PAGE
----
How many times have you heard a health professional say to listen to your body? They say your body knows what it needs. It’s supposed to tell you what to eat, how to work out, when to rest, and so much more. 

In reality, though, you probably decide all that stuff based on a whole bunch of other factors. What’s the latest superfood in the news? What workouts are your friends doing? How much exercise are you “supposed” to get in a week? How much time do you have?

I can relate.

Because, really, the problem here is that your body doesn’t speak English. You can feel when you’re tired, but you don’t know if your workout was too hard or you didn’t get enough sleep. Your stomach might be upset after dinner, but you have no idea if it’s caused by the pizza you ate or the plethora of stress you’re under. It’s easy to let your favorite foodstagrammer tell you to go dairy-free or pick up Crossfit because you overheard someone in your class who looks amazing say that’s what they do.

How do you know if that’s right for you, though?

Research.

research

If you’re curious about a new workout or dietary shift, look into it before you make any changes. The number one thing to check here is whether it’s safe (which means no crash dieting or working out until you’re sick). Talk to a doctor or other health professional about the changes you’re considering. See what people are saying about the pros and cons.

Check in.

Why do you want to make these changes? Do you want to get healthier, lift heavier, run faster, or are you pursuing aesthetic goals? Are you looking for a challenge? If you’re feeling good as you are, there may be no reason to change anything. The fact that someone else isn’t eating a certain food or is working out a certain way doesn’t mean you have to do the same.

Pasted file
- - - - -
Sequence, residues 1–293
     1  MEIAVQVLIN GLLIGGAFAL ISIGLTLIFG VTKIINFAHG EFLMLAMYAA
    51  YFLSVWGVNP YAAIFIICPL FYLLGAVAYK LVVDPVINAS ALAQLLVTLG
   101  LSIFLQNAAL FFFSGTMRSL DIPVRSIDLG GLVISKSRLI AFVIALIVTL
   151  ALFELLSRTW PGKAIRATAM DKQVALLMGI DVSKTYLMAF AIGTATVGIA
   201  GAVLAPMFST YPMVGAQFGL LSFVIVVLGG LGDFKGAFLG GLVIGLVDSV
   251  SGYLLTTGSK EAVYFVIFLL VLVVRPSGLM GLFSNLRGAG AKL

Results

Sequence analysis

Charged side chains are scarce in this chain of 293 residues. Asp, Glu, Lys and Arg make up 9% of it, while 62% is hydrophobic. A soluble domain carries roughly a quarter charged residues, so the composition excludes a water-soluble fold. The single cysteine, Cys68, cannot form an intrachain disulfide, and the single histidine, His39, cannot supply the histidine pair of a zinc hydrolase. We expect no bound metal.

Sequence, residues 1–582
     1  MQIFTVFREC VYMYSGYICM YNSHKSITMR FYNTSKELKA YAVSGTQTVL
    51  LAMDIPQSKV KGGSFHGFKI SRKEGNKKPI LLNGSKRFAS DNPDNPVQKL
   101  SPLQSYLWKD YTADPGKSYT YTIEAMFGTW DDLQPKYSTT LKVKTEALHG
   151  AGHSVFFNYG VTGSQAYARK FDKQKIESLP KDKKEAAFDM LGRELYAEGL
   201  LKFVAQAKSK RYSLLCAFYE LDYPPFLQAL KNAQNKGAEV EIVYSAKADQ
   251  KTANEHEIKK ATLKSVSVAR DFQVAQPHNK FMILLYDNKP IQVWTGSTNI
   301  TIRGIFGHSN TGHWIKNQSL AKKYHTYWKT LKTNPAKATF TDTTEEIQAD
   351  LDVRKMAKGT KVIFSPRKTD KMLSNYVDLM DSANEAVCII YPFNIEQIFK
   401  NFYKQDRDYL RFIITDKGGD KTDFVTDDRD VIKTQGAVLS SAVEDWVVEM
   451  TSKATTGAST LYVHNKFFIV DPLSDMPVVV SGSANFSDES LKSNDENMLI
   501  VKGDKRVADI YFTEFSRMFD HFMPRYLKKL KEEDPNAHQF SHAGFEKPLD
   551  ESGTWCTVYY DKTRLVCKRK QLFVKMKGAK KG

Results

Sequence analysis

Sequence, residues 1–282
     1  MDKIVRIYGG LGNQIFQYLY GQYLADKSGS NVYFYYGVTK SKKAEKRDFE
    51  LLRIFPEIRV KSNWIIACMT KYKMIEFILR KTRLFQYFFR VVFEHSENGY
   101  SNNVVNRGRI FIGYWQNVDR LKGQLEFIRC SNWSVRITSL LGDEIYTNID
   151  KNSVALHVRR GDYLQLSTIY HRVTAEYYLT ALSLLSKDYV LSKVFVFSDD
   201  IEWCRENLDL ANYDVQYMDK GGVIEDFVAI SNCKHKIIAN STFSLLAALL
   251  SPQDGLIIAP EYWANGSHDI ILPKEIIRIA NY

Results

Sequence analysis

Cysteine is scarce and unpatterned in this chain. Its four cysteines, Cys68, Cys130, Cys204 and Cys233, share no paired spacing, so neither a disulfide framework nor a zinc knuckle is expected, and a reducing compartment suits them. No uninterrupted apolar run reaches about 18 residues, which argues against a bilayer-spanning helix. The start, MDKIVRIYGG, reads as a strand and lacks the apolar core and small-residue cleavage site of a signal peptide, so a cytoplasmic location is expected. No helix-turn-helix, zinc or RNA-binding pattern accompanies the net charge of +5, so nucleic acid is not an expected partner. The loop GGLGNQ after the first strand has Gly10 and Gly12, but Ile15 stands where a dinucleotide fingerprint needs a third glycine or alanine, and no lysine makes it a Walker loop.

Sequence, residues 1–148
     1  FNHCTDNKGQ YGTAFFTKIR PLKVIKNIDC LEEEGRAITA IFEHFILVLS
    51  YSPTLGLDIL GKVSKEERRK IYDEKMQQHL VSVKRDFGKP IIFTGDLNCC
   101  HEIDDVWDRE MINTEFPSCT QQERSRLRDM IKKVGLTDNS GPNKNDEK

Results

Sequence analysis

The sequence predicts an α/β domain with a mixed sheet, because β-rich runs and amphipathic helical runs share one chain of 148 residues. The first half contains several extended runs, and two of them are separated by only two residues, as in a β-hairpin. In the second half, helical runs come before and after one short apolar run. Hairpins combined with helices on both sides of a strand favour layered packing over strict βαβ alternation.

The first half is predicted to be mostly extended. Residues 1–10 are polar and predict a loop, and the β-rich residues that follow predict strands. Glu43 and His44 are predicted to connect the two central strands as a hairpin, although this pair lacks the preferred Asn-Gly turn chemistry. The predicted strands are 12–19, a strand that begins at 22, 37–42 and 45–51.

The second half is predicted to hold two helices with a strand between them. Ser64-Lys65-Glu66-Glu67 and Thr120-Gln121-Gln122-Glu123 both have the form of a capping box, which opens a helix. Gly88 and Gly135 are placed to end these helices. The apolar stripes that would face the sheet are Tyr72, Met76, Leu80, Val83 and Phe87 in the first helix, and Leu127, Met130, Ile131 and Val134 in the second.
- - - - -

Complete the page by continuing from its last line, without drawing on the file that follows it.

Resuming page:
Experiment.

If you’ve decided it’s safe and you want to try something new for a good reason, go ahead and do it.

Check in (again… and again… and again).

This is where you really need to listen to your body, and I’ll help walk you through it. These are just suggestions, but they should give you an idea of what to look out for.

If you’re eating differently, ask yourself:

  • How do I feel before and after my meals?
  • Is it different from before?
  • Are any problematic symptoms I noticed going away?

If you’re trying a new workout routine, ask yourself:

  • How do I feel during my workouts?
  • Are my joints hurting?
  • Am I dizzy?
  • Do I have enough energy to complete each workout?
  • Am I exhausted after a workout, or do I feel accomplished?

No matter what, ask yourself:

  • Do I feel awake and energetic throughout the day?
  • Are my “healthy” changes getting in the way of my social or academic life?
  • Am I enjoying eating/exercising this way?
  • How is my sleep?

Adjust accordingly.

listen to your body

Now you know what feels good (or doesn’t) and you can keep doing the same thing or try something new. It’s up to you – and your body. And once you start listening, your body will thank you.

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About The Author

Ellen is a second year economics major at the University of Chicago, and she is originally from Columbus, Ohio. Her favorite things include writing, hockey, Ohio State football, tea, Diet Coke, photography, cooking and baking, yoga and running, and food and fitness in general. She talks a lot about all of these things on her blog, My Uncommon Everyday. She considers herself a connoisseur of pizza, nut butter, and dark chocolate.

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